RockShox: Prove Can’t Wrong


With the mountain-biking season now in full swing and Crankworx Whistler upon us, RockShox wanted to do something to celebrate those who progress the sport forward. Every year, we see things people once thought “can’t be done” get done. This short film called “Prove Can’t Wrong” is a salute all those who push boundaries to prove that “can’t” is a matter of opinion. We can’t wait to see what “can’ts” get proven wrong this year.

My can’t was a roadie returning to mountain biking…

Oregon Manifest Winner: Denny

Denny

Blogging in the space where the bike and tech meet, I know how bikes like the Denny capture people’s imagination and attract the urban techster. It’s great to see locals getting press and in a King5 Interview, Teague’s designer is interviewed and the manager of Gregg’s Greenlake talks about retail price points. Teague’s offices are around the block from Davidson’s shop in downtown Seattle where many of Bike Hugger’s bikes are made.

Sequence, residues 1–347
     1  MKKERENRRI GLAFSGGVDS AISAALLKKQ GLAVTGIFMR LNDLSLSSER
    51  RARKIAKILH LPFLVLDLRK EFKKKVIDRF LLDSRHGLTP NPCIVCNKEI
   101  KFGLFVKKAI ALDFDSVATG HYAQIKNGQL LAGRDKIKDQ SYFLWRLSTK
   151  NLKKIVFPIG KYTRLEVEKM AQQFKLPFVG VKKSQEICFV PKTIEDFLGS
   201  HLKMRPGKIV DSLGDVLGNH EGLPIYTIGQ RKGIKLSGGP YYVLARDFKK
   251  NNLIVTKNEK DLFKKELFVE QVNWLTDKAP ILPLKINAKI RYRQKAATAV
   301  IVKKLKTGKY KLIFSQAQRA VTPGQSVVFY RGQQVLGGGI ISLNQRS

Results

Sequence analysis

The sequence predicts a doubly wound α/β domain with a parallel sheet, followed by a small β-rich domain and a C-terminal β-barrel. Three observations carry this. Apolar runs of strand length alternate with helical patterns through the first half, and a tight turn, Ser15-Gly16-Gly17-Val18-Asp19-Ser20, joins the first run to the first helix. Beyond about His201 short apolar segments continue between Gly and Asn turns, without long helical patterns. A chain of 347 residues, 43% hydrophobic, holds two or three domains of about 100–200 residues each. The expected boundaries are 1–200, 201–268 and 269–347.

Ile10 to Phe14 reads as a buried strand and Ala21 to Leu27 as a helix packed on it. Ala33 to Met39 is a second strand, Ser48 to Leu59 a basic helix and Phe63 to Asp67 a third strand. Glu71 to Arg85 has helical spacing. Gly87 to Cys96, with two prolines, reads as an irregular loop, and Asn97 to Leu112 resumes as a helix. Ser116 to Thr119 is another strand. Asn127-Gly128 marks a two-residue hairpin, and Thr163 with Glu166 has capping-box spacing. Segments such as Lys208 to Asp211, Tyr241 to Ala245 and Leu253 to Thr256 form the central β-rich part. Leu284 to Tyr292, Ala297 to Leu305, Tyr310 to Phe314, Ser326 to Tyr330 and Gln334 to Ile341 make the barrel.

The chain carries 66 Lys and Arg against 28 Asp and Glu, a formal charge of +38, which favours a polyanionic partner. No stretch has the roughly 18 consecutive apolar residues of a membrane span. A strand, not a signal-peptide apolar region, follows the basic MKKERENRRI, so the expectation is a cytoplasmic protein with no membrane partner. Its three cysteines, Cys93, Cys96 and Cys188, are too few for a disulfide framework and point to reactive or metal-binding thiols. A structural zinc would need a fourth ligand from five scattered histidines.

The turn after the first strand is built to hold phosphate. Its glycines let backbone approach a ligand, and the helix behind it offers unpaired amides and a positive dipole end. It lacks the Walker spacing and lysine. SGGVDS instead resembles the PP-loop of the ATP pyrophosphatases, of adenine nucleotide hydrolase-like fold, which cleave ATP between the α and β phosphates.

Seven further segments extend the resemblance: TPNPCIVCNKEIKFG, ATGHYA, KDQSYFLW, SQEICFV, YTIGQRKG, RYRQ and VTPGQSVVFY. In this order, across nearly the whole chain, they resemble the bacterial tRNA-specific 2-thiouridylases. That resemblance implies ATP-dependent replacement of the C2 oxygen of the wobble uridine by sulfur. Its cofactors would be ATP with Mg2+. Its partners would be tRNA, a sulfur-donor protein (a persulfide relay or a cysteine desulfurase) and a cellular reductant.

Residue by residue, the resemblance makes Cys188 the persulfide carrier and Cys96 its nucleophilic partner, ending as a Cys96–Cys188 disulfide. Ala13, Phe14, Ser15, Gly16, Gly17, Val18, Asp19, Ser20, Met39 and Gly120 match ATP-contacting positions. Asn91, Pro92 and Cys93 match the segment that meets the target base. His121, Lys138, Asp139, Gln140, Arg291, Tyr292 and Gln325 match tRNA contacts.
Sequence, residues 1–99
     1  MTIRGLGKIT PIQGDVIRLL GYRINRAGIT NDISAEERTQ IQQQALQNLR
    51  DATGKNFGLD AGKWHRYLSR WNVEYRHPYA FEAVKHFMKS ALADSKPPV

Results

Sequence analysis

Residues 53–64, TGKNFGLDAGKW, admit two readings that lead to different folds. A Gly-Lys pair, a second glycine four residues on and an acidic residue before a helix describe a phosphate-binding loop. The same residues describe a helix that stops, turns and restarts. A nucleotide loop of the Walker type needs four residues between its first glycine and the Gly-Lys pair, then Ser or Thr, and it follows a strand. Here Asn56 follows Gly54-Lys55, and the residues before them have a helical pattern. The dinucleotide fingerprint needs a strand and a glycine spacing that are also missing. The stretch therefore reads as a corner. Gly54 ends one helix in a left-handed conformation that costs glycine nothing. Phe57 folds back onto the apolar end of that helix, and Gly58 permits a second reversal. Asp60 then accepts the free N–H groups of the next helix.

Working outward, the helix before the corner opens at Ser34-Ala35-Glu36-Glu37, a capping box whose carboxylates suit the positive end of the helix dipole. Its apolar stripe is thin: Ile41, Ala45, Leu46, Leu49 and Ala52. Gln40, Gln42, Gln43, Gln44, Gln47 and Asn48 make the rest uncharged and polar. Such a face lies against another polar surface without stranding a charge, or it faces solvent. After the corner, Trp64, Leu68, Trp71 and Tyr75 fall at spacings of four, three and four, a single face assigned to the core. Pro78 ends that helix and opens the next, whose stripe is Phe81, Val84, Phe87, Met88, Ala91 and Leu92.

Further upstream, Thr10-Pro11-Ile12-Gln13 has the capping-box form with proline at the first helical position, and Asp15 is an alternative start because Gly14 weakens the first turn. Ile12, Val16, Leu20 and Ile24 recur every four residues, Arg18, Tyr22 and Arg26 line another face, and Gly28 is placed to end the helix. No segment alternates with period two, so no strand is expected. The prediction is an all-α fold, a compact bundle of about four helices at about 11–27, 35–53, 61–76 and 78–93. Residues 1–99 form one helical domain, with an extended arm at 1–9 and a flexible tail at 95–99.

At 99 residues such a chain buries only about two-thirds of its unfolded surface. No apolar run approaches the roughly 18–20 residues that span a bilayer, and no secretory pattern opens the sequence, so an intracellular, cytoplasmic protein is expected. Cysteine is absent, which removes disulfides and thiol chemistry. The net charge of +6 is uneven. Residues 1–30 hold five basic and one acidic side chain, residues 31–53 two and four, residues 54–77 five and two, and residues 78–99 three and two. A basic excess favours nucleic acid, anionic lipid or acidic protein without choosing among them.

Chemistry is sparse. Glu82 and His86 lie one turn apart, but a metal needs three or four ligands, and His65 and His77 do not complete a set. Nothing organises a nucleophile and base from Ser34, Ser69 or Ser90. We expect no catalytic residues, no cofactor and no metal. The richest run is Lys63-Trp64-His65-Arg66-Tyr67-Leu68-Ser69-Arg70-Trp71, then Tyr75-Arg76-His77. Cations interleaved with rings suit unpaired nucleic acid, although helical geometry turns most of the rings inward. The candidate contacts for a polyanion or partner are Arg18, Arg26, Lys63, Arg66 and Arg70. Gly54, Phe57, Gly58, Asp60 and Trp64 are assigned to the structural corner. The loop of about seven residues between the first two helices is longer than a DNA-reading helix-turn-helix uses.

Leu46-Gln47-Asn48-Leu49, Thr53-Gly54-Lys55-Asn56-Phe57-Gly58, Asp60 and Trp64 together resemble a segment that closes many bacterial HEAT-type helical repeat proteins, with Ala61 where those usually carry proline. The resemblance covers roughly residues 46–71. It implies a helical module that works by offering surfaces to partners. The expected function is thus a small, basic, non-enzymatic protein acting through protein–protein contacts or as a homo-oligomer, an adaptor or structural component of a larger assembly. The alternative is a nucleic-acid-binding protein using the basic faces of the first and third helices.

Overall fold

My friend Jeremiah mentioned the Denny on Twitter and lit up the phone lines.

After Patrick questioned the authenticity of the Oregon Manifest and explained the utility bike market, the questions he’s asking now is what version of the concept is Fuji going to bring to market? Also, what will it cost?